Content Warning: This article discusses suicide.
I am, at heart, a solo gamer of the electronic variety. Case in point: I both played the beta and pre-ordered the original Destiny in 2014, sinking countless hours into the franchise, but to this day I have yet to play a single raid! Lock me in a room alone with a console for days? Yes, please! However, I am recognizing more and more the importance of gathering around a table with friends, family, acquaintances, co-workers, and even (or perhaps especially) strangers, to play games “the old-fashioned way.” Of course, with the board game renaissance well underway, there is nothing old-fashioned about analog or tabletop gaming.
A recent study published in JAMA titled Contextual Factors Associated With County-Level Suicide Rates in the United States, 1999 to 2016 examined patterns in rural counties across the United States that had increased suicide rates from 1999 to 2016. Two of the key factors were high social fragmentation (including the rate of single-person households, unmarried residents, and resident impermanence) and low social capital (including few opportunities for civic engagement). The study finds “that greater opportunities for social engagement and connection […] are associated with lower suicide rates.” This is perfectly consistent with a well-known risk factor for suicide—social isolation/disconnection—and a closely related protective factor against suicide—connectedness to individuals, family, community, and social institutions (see the Suicide Prevention Resource Center and the CDC for more on risk and protective factors).
A bit of my background: Out of thirteen years so far working in the mental health field, I’ve spent nearly six doing full-time suicide prevention and intervention. I also experienced six months of intense and intrusive suicide thoughts during a particularly challenging time in my life. I have both professional and “lived” experience when it comes to this issue.
Now there is no one reason, cause, or pathway that leads individuals to die by suicide, but social connectedness is a crucial issue in today’s world where we can communicate with hundreds of “friends” and “followers” on social media through the push of a button, and yet often feel more isolated than ever. Depression and anxiety are said to be on the rise for millennials, and FOMO (fear of missing out) may just be one part of that. The truth is, I believe our social fabric is disintegrating and has been for decades. When I was young, I would go play with neighborhood kids at the park, down the block, and even in the alleys for hours on end with no adult supervision. Would I let my own kids do that today? Not a chance! We have less trust in our communities yet so many of us crave connection—a genuine human need.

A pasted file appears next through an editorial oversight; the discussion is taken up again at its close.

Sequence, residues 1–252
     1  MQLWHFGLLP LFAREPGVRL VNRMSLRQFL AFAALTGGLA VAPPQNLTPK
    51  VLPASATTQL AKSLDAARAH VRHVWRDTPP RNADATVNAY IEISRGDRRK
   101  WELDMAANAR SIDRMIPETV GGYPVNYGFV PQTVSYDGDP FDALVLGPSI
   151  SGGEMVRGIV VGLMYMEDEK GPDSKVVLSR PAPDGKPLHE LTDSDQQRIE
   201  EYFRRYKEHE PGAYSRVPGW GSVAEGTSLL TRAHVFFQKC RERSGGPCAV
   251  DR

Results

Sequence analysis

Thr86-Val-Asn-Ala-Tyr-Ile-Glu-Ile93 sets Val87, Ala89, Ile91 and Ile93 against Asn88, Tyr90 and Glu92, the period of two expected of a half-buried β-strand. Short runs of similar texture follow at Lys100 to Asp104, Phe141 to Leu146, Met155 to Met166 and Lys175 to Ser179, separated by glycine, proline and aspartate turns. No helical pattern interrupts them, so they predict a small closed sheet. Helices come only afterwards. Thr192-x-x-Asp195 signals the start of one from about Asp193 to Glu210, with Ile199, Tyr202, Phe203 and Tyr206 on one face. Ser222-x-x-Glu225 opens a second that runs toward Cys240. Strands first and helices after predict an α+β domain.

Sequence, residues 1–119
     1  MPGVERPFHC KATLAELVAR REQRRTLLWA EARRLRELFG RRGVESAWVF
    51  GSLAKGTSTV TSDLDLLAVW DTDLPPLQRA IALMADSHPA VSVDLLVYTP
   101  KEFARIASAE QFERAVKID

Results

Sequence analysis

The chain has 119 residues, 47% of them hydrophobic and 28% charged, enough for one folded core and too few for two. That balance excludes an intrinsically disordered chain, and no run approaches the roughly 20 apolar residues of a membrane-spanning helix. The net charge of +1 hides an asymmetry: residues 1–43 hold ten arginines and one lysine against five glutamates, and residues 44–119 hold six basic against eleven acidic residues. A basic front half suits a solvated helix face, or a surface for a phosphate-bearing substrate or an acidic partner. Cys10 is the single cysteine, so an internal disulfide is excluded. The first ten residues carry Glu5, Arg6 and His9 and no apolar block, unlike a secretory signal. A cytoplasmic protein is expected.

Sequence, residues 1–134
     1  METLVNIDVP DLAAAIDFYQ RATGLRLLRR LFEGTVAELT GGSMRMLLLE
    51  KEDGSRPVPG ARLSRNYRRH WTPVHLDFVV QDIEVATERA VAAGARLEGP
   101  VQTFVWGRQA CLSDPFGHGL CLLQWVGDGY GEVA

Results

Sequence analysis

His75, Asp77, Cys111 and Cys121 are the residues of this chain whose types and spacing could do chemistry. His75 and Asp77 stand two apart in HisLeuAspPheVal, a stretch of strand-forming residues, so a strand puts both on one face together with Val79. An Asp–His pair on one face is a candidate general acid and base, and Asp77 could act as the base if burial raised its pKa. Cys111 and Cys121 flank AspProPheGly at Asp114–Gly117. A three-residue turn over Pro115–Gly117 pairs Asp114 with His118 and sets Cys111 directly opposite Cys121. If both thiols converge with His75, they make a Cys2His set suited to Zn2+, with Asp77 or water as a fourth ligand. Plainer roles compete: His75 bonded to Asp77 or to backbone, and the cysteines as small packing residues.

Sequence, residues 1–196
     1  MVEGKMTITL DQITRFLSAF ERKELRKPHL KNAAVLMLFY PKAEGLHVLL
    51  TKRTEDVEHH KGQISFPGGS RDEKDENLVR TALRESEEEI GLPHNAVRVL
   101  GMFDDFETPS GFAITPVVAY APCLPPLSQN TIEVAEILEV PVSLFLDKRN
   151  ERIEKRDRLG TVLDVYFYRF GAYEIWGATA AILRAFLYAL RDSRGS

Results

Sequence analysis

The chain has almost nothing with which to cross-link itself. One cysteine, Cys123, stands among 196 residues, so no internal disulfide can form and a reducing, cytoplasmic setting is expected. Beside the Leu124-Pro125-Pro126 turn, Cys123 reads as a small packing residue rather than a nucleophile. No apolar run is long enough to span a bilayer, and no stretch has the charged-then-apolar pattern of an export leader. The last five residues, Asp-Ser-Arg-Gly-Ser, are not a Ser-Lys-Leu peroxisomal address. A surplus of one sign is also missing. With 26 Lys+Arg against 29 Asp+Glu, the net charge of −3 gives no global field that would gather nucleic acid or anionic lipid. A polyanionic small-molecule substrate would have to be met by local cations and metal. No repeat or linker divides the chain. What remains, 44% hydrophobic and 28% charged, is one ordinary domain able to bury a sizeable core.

Last year I was asked to work with a hostile, highly suicidal individual in a state psychiatric hospital who had almost no rapport with the staff nor members of his treatment team. But he was a gamer, so I knew I had an in. For several months we sat side-by-side, as equals, and played a game together for about an hour or two each week. By the time he left the hospital, he was like a different person—future-focused and hopeful.… social connectedness is a crucial issue in today’s world where we can communicate with hundreds of “friends” and “followers” on social media through the push of a button, and yet often feel more isolated than ever.
Please consider starting, hosting, or attending a game night in your home, church, local coffee shop, library, or community center. What better, non-threatening way to foster relationships and strengthen human bonds? Go to the “highways and hedges” and invite people to your party! You could be literally saving lives as you roll those dice.
If you need to talk to someone about suicidal thoughts or behaviors, call the National Suicide Prevention Lifeline at 1-800-273-8255. You can also download the notOK App to reach out to trusted friends, family members, or peers if you need support in the future.